2. The dialysis system of claim 1, wherein the heparin pump is positioned and arranged to introduce the heparin into the outlet of the blood pumping portion just prior to a disposable cassette inlet to the dialyzer.
3. The dialysis system of claim 1, wherein the heparin pump includes a tube positioned to introduce the heparin into the outlet of the blood pumping portion of the disposable cassette.
4. The dialysis system of claim 3, wherein the dialysis instrument includes a pinch valve operable with the tube to control the heparin introduced into the outlet of the blood pumping portion.
5. The dialysis system of claim 3, which includes an air bubble detector, wherein heparin in the tube passes through the air bubble detector before reaching the disposable cassette.
6. The dialysis system of claim 1, wherein the heparin pump includes a syringe pointed downwardly so that air collects above the heparin within the syringe.
7. The dialysis system of claim 1, wherein the heparin pump accepts a syringe ranging in size from ten millimeters to sixty millimeters.
8. The dialysis system of claim 1, wherein the heparin pump includes a syringe located within a housing of the dialysis instrument.
9. The dialysis system of claim 8, wherein the syringe is a smaller syringe, and wherein the dialysis instrument is configured to accommodate heparin syringes, larger than said heparin pump syringe, located at least partly outside of the dialysis instrument housing.
10. A dialysis system comprising:
- a dialysis instrument including a blood pump actuator;
- an extracorporeal circuit including a dialyzer;
- a heparin source;
- a saline source; and
- a disposable cassette including a blood pumping portion operable with the blood pump actuator of the dialysis instrument to cause blood to be pumped through the extracorporeal circuit, the disposable cassette placing the blood pumping portion in fluid communication with the dialyzer and the extracorporeal circuit, so that blood can be pumped from the extracorporeal circuit, through the blood pumping portion, to the dialyzer,
- wherein the disposable cassette is configured to (i) introduce heparin from the heparin source into the blood at a first location of the disposable cassette between the blood pumping portion and the dialyzer, and (ii) introduce saline from the saline source into the extracorporeal circuit at a second location of the disposable cassette, and wherein the second location is adjacent to the first location for introduction of heparin.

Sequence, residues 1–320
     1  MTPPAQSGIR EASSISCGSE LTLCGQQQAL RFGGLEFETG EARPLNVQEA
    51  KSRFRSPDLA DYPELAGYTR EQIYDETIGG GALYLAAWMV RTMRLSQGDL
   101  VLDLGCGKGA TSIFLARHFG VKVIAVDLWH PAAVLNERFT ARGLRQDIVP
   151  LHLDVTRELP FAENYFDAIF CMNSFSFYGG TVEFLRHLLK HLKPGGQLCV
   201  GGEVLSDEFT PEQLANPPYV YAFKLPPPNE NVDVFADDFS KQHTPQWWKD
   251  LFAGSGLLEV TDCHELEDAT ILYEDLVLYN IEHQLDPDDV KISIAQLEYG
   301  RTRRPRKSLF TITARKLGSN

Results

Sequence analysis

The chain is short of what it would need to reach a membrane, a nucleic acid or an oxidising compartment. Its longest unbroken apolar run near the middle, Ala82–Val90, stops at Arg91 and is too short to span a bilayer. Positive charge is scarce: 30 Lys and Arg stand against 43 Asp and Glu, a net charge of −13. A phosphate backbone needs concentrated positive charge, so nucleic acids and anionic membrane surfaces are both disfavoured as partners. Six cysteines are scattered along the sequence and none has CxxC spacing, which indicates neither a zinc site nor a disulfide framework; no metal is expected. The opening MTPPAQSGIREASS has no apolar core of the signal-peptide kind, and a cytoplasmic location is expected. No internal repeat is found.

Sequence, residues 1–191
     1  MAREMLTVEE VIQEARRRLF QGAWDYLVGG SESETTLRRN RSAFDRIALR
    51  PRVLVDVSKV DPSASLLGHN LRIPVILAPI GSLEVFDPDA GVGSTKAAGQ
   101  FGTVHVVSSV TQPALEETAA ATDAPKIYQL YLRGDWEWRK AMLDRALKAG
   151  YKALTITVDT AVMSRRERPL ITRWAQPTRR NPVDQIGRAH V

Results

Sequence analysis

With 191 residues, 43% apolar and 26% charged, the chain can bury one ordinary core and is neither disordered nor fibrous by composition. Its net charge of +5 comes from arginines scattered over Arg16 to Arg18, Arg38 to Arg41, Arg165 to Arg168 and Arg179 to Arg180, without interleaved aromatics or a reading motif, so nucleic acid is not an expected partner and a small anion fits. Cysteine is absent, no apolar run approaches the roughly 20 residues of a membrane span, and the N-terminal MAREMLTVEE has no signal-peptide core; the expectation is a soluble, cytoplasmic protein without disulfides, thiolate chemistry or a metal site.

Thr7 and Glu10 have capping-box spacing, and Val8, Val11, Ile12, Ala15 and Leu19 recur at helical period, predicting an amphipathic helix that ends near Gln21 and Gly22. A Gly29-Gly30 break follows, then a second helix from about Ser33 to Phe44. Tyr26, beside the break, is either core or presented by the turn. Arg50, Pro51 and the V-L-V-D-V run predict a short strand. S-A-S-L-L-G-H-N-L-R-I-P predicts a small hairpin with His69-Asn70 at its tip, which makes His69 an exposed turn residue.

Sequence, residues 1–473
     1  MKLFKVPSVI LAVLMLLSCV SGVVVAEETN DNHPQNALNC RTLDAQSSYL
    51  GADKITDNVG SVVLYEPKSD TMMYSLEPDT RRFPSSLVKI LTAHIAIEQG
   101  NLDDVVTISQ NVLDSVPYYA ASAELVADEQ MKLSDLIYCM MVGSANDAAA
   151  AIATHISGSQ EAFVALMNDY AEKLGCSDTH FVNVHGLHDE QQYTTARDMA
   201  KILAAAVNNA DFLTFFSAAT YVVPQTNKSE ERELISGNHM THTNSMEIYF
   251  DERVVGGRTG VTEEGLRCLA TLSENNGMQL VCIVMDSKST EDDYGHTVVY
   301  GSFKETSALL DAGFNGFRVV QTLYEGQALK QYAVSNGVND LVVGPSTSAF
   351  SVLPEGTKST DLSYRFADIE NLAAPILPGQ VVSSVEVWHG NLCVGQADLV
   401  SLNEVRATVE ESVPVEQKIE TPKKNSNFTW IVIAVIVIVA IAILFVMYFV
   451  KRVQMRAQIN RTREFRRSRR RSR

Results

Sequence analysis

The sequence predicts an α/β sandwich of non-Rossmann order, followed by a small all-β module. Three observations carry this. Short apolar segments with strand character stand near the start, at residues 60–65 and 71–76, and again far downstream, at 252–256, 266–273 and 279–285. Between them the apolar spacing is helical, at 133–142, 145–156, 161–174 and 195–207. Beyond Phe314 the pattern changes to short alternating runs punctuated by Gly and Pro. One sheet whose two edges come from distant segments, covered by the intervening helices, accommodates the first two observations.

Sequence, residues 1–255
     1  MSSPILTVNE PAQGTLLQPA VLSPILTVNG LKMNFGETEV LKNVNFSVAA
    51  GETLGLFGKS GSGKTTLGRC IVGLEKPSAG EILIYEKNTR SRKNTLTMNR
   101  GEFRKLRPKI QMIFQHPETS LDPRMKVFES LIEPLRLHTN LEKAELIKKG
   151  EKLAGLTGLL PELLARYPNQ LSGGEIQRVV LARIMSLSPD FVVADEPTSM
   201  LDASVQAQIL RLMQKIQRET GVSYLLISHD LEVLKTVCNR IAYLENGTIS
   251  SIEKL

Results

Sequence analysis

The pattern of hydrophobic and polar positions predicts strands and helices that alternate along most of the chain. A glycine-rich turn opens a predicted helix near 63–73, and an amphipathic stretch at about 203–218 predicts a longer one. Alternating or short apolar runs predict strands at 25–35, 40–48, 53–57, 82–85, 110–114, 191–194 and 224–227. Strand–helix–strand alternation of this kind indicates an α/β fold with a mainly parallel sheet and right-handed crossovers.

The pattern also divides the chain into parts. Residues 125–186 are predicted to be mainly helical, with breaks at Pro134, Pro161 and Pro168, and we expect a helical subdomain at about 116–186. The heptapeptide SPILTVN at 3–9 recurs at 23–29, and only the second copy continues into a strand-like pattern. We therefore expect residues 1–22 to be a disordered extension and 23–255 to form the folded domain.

11. The dialysis system of claim 10, wherein the disposable cassette is configured to introduce the heparin into the disposable cassette just prior to an inlet of the dialyzer.
12. The dialysis system of claim 10, wherein the disposable cassette is configured to introduce heparin into the disposable cassette at an outlet of the blood pumping portion.
13. The dialysis system of claim 10, wherein the disposable cassette accepts a tube extending from the heparin source.
14. The dialysis system of claim 13, which includes an air detector, wherein the tube is fitted into the air detector.
15. The dialysis system of claim 10, wherein the heparin source includes a syringe pump.
16. A dialysis system comprising:
- a dialysis instrument including a blood pump actuator;
- an extracorporeal circuit including a dialyzer;
- a disposable cassette including a blood pumping portion operable with the blood pump actuator of the dialysis instrument to cause blood to be pumped through the extracorporeal circuit, the disposable cassette placing the blood pumping portion in fluid communication with the dialyzer and the extracorporeal circuit, so that blood can be pumped from the extracorporeal circuit, through the blood pumping portion, to the dialyzer;
- a heparin source comprising a syringe in fluid communication with the disposable cassette via a tube; and
- an air detector operably connected to the tube configured such that air exits the syringe during priming of the extracorporeal circuit.
17. The dialysis system of claim 16, wherein the disposable cassette is configured to accept the tube just prior to an inlet to the dialyzer.
18. The dialysis system of claim 16, wherein the disposable cassette is configured to accept the tube at an outlet of the blood pumping portion.
19. The dialysis system of claim 16, wherein the heparin source includes a syringe pointed downwardly so that air collects above heparin within the syringe.
20. A dialysis system comprising:
- a dialysis instrument including a blood pump actuator and a syringe pump actuator;
- an extracorporeal circuit including a dialyzer;
- a disposable cassette including a blood pumping portion operable with the blood pump actuator of the dialysis instrument to cause blood to be pumped through the extracorporeal circuit, the disposable cassette placing the blood pumping portion in fluid communication with the dialyzer and the extracorporeal circuit, so that blood can be pumped from the extracorporeal circuit, through the blood pumping portion, to the dialyzer; and
- a heparin source in fluid communication with the disposable cassette, the heparin source including a syringe having a plunger pointed downwardly into the syringe pump actuator and a barrel pointed upwardly into a heparin discharge tube.
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Filed: Jan 12, 2015
Date of Patent: Jan 2, 2018
Patent Publication Number: 20150122721
Assignees: Baxter International Inc. (Deerfield, IL), Baxter Healthcare SA (Glattpark (Opfikon))
Inventors: Robert W. Childers (Trinity, FL), Thomas D. Kelly (Highland Park, IL), Rodolfo Roger (Clearwater, FL)
Primary Examiner: Joseph Drodge
Application Number: 14/594,349
International Classification: A61M 1/16 (20060101); A61M 1/28 (20060101); A61M 1/34 (20060101); A61M 1/36 (20060101); B01D 61/30 (20060101);